Meat for growth and development of children and adolescents
The nutrition of children and adolescents is based on the same principles of adult nutrition, but with different quantity requirements. The first 2-3 years of a child’s life are crucial for his physical and mental development, and in this context the proteins play a key role in the proper functioning of the bones, muscles, blood, skin and hormones. Animal protein, particularly meat, is therefore a very important food: a portion of 80-100 grams of most types of meat contains about 20 grams of protein, and is a simple way to help your child achieve his protein intake goal. In addition to this, a correct intake of vitamin B12 is essential for neurological development and cell growth. Iron and zinc are important for the growth and development of infants and children.
The child in this period grows more than in all other stages of life, and if you do not eat properly you can get sick more easily, and generally you do not develop in the right way. For example, it is precisely at this stage that you can promote obesity in adulthood. Today it is understood, in fact, that fat cells are formed during childhood: if a child eats too much, he produces a greater number of fat cells that remain virtually unchanged as an adult. So you will have a greater risk of becoming obese.
Some nutrient deficiencies, such as that of iron, may instead result in low levels of attention and concentration in children, leading to poor school performances. The majority of studies that investigated the association between nutrition and cognitive development, have focused on individual micronutrients that are considered essential for the proper development of the brain, namely omega-3 fatty acids, vitamin B12, folic acid, zinc, iron and iodine, all nutrients supplied in a special way by food of animal origin.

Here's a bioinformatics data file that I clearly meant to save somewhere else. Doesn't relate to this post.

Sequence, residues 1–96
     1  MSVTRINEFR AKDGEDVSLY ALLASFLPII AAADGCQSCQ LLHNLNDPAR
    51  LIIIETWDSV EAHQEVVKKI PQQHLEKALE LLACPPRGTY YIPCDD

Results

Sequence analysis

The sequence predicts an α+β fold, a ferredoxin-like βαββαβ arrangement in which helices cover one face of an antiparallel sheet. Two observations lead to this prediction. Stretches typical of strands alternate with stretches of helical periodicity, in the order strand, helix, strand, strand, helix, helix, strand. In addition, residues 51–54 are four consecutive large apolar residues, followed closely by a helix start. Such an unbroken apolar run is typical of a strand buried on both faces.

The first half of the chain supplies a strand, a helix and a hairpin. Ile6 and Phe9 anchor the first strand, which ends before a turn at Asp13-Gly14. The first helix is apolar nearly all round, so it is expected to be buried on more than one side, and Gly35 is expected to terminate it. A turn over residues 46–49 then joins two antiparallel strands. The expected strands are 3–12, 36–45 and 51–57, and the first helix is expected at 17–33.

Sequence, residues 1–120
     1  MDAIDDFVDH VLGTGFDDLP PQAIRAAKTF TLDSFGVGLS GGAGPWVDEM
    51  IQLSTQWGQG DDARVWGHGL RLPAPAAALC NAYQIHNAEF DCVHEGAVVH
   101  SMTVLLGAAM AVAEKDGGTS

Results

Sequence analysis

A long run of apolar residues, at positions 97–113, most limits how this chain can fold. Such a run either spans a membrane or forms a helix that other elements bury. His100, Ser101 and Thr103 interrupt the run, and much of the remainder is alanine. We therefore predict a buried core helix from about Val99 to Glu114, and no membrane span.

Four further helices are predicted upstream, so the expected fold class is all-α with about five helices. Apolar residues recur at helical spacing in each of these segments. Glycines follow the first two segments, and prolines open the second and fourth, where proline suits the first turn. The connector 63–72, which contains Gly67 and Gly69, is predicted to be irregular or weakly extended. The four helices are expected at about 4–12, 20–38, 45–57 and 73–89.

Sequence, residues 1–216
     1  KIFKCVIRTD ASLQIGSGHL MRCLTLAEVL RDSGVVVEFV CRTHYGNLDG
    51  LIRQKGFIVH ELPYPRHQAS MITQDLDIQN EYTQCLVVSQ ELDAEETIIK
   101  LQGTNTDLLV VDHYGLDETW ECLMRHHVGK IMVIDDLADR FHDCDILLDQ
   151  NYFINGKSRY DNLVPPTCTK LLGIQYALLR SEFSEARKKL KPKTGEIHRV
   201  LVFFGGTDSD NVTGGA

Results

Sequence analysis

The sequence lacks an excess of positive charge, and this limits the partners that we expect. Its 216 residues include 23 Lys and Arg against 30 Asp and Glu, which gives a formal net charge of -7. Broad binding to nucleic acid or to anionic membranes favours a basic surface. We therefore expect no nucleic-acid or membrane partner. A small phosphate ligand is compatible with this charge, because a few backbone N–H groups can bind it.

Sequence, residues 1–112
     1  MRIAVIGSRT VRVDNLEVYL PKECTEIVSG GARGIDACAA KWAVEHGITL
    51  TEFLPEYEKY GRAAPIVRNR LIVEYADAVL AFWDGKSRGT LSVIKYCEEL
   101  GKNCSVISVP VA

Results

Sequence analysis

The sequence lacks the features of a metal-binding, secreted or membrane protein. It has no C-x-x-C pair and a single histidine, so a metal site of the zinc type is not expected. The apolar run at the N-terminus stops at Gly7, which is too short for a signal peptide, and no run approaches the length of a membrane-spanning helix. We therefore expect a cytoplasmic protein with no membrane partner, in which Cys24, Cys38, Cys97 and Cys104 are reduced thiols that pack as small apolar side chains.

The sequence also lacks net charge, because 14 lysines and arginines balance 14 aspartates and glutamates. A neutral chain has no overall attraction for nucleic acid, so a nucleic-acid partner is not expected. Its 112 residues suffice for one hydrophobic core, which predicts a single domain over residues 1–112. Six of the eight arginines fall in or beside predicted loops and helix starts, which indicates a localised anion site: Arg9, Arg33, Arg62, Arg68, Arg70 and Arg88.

In children, the association between vitamin B12 and cognitive development has been observed especially in children born to vegetarian or vegan mothers who followed a macrobiotic diet. These diets can cause vitamin B12 deficiency, because vitamin B12 is found only in animal foods. Studies of children with vitamin B12 deficiencies showed abnormal clinical and radiological features, including: hypotonic muscles, involuntary muscle movements, apathy, reduced growth and demyelisation of nerve cells.
After treatment with vitamin B12, there is a rapid improvement of the neurologic symptoms in children with these deficits, but in many the damage is permanent, with a delay in cognitive and language development throughout their lives. The long-term effect of vitamin B12 deficiency is supported by the results of some studies in which researchers examined the cognitive functioning of adolescents who consumed a macrobiotic diet until the age of six, compared to boys who followed an omnivorous diet. Those teenagers who followed a macrobiotic diet up to 6 years of age had lower levels of fluid intelligence, short-term memory and spatial ability compared to controlled subjects.